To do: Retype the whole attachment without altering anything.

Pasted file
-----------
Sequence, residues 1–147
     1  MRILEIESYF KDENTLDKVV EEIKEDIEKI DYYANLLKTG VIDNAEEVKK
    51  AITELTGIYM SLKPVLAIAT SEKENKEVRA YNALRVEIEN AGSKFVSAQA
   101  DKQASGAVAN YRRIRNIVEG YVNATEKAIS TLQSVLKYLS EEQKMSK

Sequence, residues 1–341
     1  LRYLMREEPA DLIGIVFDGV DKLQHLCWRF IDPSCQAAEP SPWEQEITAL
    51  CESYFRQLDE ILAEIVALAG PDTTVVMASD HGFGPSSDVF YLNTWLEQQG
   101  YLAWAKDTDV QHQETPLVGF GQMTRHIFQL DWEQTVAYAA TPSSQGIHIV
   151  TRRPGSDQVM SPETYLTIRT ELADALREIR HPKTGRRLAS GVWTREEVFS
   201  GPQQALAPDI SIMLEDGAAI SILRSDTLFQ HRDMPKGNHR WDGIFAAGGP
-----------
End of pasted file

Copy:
Sequence, residues 1–147
     1  MRILEIESYF KDENTLDKVV EEIKEDIEKI DYYANLLKTG VIDNAEEVKK
    51  AITELTGIYM SLKPVLAIAT SEKENKEVRA YNALRVEIEN AGSKFVSAQA
   101  DKQASGAVAN YRRIRNIVEG YVNATEKAIS TLQSVLKYLS EEQKMSK

Sequence, residues 1–341
     1  LRYLMREEPA DLIGIVFDGV DKLQHLCWRF IDPSCQAAEP SPWEQEITAL
    51  CESYFRQLDE ILAEIVALAG PDTTVVMASD HGFGPSSDVF YLNTWLEQQG
   101  YLAWAKDTDV QHQETPLVGF GQMTRHIFQL DWEQTVAYAA TPSSQGIHIV
   151  TRRPGSDQVM SPETYLTIRT ELADALREIR HPKTGRRLAS GVWTREEVFS
   201  GPQQALAPDI SIMLEDGAAI SILRSDTLFQ HRDMPKGNHR WDGIFAAGGP